Ruby comes back from lunch, walks past my desk with her shoes slapping against her feet as she progresses down the hallway. No verbal exchanges made. About an hour later I’m on the phone when Ruby screeches down the hall, “Nancy, has someone been in my office?” I didn’t answer because I was on the phone. She comes to my desk and even though I’m on the phone with a customer; she asks the same question again. I tell the customer I’ll have to call them back and hang up.
“No one has been in your office. I never let anyone else in your office.” Anyone else besides you and me I’m thinking to myself.
“Are you sure?” she asks again.
“Why do you ask?”
“I’m missing something.”
“Oh, what would that be? I’ll help you find it.” I said trying to be helpful (not really).
“Never mind!” She screeches and returns to her office.
So I was right. She did it on purpose. Why? Why would your boss hoard important information and claim that you lost it? It just didn’t add up. So, of course, being a stellar example of a professional employee, I started complaining about her at lunch and break times to my co-worker friends. What was the method to her madness? Why? Why? No one seemed to have an answer.
One morning she said I had to go home and change clothes. Since when are slacks and a blouse with a peter pan collar inappropriate? I had to take an hour of vacation to go home and change.
Soon after that Ruby told me she was waiting for an important personal call from her best friend, Barbara, and let her know as soon as Barbara called even if she was in a meeting. Barbara called, and I filled out the message receipt for Ruby and time stamped it two hours later and put it on her desk at the time indicated on the message. She came back from her meeting, called Barbara and came out of her office angry and commenced to yelling at me in front of all the employees whose desks were nearby.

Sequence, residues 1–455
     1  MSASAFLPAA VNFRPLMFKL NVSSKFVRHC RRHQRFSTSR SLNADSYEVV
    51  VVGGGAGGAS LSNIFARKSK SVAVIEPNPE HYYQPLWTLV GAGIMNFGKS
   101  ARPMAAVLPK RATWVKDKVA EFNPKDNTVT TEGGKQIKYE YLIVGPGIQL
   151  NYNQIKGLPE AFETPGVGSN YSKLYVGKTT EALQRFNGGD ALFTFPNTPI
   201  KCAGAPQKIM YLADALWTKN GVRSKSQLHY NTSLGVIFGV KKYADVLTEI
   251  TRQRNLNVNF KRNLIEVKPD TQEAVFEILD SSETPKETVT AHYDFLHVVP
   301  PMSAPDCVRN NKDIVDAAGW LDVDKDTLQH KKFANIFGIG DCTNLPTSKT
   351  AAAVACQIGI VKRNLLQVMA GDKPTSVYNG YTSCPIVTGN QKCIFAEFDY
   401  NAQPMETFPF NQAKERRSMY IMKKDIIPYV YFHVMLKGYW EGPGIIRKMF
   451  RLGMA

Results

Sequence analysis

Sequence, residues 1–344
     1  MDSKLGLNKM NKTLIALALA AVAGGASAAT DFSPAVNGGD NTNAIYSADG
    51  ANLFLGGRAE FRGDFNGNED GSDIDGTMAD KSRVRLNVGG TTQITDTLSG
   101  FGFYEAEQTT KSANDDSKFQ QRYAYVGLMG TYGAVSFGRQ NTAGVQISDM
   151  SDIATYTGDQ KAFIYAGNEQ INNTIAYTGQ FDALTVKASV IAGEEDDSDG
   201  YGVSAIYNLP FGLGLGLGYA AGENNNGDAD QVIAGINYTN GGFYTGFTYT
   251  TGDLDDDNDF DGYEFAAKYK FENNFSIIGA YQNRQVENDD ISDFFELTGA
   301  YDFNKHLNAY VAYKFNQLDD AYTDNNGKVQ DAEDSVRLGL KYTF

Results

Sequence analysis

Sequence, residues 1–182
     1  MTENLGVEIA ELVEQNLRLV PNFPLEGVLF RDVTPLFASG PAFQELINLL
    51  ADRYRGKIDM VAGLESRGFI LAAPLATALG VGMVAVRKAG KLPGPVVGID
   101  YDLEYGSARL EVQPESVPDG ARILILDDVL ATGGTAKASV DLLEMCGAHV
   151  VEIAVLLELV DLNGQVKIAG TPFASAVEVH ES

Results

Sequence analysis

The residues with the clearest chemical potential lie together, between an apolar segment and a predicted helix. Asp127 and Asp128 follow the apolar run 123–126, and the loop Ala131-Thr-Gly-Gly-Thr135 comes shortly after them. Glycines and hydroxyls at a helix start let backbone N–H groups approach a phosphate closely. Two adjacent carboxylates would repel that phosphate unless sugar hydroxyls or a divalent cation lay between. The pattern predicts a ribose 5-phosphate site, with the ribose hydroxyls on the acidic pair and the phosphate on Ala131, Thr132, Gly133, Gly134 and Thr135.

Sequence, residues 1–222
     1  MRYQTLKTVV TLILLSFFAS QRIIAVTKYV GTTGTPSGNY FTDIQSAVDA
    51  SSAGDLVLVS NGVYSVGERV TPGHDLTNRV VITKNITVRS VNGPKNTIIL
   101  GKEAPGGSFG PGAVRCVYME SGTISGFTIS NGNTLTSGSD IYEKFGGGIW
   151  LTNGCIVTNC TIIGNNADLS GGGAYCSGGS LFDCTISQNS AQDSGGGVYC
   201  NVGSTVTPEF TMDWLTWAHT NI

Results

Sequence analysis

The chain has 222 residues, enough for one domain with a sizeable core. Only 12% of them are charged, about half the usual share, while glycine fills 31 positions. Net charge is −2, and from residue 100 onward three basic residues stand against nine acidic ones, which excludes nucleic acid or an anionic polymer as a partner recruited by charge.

“I missed the fitting,” she tells me. “Barbara says she called almost three hours ago, why didn’t you let me know she had called?”
“What does the time stamp on the message say?”
“Then, that’s what time she called and I put the message on your desk.” Two can play at this game. She stormed away from me back down the hall to her office and slammed the door.
Maryanne was the HR admin whose desk was next to mine. She would overhear me mumbling about Ruby under my breath day after day, incident after incident, and she made it her mission to bring a little happiness into my life. She says to me one day, “Where does Ruby get all of those beautiful little shoes that she wears, I wonder? She has the smallest feet and the biggest a*s I have ever seen.” Of course, I laughed until I choked.